of our large national sample was comparable to the overall composition of
the U.S. population, we argue that the sample is representative of infants
born in NICUs in the U.S.
Bertino et al. also point out the difficulty in interpreting the
complex formula for calculating Z-scores based on the LMS method. We
published the equation as originally described by Dr. Cole. We
appreciate the clarification that the reviewers provided in how to utilize
this complex formula to compute a Z-score.
Lastly, Bertino et al. raised concern over the irregular shape of the
weight-for-age curve (lower centiles) between 34 and 36 weeks, an issue
that we attribute to the nature of our data for both males and females.
Given the notably large size of this dataset, it is unlikely that the
shape of the curve at these particular ages could be due to sampling or
measurement errors, and we propose that these curves are accurate
reflections of the birth weight of infants in NICUs around the country.
Additionally, the e.d.f. values for the L and S parameters for our weight
curves were 3 and 9 for females and 3 and 8 for males; these values are
very similar to the authors’ recommended e.d.f. values of 4 to 5 and 6 to
8 for L and S, respectively.
We appreciate and value the comments of these esteemed authors.
1. Bertino E, Gilli G, De Curtis M, et al. Some marginal notes on the
new intrauterine growth curves based on United States data[E-letter].
Pediatrics. April 8, 2010.
2. Olsen IE, Groveman SA, Lawson ML, Clark RH, Zemel BS. New
intrauterine growth curves based on United States data. Pediatrics.
3. Lindell G, Marsal K. Sonographic fetal weight estimation in
prolonged pregnancy: comparative study of two- and three-dimensional
methods. Ultrasound Obstet Gynecol. 2009;33(3):295-300.
4. Marsal K, Persson PH, Larsen T, Lilja H, Selbing A, Sultan B.
Intrauterine growth curves based on ultrasonically estimated foetal
weights. Acta Paediatr. 1996;85(7):843-848.
5. Cooke RW. Conventional birth weight standards obscure fetal growth
restriction in preterm infants. Arch Dis Child Fetal Neonatal Ed. May
6. Reeves S, Bernstein IM. Optimal growth modeling. Semin Perinatol.
7. Cole TJ, Green PJ. Smoothing reference centile curves: the LMS
method and penalized likelihood. Stat Med. 1992;11(10):1305-1319.
TO THE EDITOR
In a recent paper Olsen...
In a recent paper Olsen et al. present
“new intrauterine growth curves based on United States data” . This interesting paper provides an updated
picture of the anthropometric characteristics of a large sample of neonates
admitted to NICUs in 33 states; but, in our opinion, some statements may be
misleading for the reader.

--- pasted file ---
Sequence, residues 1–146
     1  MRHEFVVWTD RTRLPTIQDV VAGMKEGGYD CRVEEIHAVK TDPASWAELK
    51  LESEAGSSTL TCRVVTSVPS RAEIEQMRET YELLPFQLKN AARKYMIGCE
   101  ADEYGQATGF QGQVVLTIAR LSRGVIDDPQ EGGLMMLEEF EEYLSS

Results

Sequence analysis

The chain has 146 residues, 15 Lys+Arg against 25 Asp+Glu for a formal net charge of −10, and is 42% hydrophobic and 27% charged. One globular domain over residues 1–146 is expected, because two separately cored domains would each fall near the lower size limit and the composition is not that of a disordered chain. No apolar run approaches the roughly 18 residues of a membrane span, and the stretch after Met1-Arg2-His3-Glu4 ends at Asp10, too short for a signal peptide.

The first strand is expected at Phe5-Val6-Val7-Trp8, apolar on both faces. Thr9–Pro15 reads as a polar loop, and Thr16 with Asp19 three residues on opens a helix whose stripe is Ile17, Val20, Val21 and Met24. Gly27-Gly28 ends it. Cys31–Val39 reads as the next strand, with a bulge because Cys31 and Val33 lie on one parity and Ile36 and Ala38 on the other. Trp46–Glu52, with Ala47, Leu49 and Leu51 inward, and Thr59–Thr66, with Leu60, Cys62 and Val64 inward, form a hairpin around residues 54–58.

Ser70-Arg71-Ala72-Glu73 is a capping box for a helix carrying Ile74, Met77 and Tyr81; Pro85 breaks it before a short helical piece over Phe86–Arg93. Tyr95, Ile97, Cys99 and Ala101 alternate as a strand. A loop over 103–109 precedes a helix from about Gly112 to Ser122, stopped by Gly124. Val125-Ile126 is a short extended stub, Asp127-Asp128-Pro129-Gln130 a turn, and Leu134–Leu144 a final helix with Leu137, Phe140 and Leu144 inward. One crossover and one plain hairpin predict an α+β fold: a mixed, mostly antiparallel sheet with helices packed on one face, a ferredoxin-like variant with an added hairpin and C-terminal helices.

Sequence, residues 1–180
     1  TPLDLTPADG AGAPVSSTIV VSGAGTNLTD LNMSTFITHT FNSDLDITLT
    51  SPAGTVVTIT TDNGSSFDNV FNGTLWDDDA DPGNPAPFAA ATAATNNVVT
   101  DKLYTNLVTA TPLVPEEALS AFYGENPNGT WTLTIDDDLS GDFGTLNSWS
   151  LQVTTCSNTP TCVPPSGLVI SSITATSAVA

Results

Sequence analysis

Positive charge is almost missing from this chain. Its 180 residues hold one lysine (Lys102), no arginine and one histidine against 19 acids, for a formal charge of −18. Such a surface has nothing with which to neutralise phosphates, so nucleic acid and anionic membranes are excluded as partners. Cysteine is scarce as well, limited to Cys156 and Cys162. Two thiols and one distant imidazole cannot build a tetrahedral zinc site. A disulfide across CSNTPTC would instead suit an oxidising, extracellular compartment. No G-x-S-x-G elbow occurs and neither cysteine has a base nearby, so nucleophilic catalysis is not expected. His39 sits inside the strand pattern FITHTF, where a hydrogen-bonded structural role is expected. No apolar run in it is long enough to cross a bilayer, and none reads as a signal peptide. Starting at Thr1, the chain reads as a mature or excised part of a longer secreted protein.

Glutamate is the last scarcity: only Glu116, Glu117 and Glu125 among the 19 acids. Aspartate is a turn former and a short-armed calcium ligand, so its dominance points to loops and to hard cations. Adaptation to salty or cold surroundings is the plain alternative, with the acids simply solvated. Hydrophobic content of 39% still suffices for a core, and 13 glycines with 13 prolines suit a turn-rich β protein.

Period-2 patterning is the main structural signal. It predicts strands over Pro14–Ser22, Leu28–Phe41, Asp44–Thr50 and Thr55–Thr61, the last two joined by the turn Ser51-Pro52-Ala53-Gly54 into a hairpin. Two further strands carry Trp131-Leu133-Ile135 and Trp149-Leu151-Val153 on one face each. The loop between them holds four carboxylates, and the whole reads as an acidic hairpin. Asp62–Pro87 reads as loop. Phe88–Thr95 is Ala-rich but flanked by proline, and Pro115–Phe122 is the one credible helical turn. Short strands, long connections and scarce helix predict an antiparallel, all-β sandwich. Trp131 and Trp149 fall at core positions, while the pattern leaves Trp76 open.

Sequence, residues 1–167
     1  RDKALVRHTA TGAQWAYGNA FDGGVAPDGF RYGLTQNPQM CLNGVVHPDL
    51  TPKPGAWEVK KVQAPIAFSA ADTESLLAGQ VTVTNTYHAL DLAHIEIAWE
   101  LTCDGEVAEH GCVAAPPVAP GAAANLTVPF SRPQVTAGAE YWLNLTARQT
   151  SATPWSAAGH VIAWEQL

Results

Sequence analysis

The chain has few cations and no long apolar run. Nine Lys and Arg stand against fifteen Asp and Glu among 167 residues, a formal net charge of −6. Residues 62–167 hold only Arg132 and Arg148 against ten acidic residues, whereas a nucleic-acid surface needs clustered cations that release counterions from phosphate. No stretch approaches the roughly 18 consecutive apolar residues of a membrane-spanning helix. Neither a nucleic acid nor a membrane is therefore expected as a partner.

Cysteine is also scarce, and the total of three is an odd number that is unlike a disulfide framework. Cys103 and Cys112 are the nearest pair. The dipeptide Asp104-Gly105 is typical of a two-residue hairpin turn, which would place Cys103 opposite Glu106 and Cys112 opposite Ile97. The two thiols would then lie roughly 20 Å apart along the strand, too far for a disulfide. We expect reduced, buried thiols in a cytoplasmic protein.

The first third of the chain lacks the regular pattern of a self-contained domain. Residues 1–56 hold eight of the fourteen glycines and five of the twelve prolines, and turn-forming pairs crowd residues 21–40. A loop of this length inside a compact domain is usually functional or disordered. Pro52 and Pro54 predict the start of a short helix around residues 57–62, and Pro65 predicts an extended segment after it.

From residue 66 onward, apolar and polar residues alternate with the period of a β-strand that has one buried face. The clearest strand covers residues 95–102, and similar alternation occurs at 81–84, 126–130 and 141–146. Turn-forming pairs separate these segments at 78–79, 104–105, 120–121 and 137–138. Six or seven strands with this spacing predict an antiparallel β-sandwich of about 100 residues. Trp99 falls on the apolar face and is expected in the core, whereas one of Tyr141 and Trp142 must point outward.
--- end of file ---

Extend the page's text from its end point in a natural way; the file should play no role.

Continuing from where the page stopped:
intrauterine growth over time cannot be derived from birth data, as the Authors
themselves admit. To avoid confusion,
the expression neonatal anthropometric
charts is preferable, because intrauterine
growth curves can only be based on fetal serial measurements . Also, the Authors state that their charts,
based on measures taken at birth on infants admitted to NICUs “do represent
intrauterine growth of fetuses up to the time of birth, which is the American Academy of Pediatrics recommended goal
for preterm infants”. In fact, the goal
declared by the AAP is to obtain “a rate of growth approximating that of the
third trimester of intrauterine life” .
Such a rate of growth, however, cannot be deducted
by the size attained by preterm infants who “at birth are
smaller in size than fetuses of the same GA”.
Second, the charts are presented as a standard, i.e. a norm that indicates how growth should be, whereas
they are a reference, which describes
how growth actually is. This is a not
negligible distinction [4, 5]. Actually,
it is difficult to believe that term neonates that require admission to NICU
are free from pathologies affecting fetal growth. In any case, the inclusion/exclusion criteria
for the construction of a growth chart should be precisely defined.
Third, the Authors write that “the size of our term infants were similar
to those in the 2000 Centers for Disease Control and Prevention’s growth
charts”, but this statement is not adequately supported. It is hard to compare data conditional on GA
(this study) with the 2000 CDC charts, which pool together all birth data of
neonates weighing 1500 g
or more, irrespectively of their GA. As
the table shows, up to 39 weeks the USA 2010 median lies below the 2000 CDC
median. In absolute terms, the median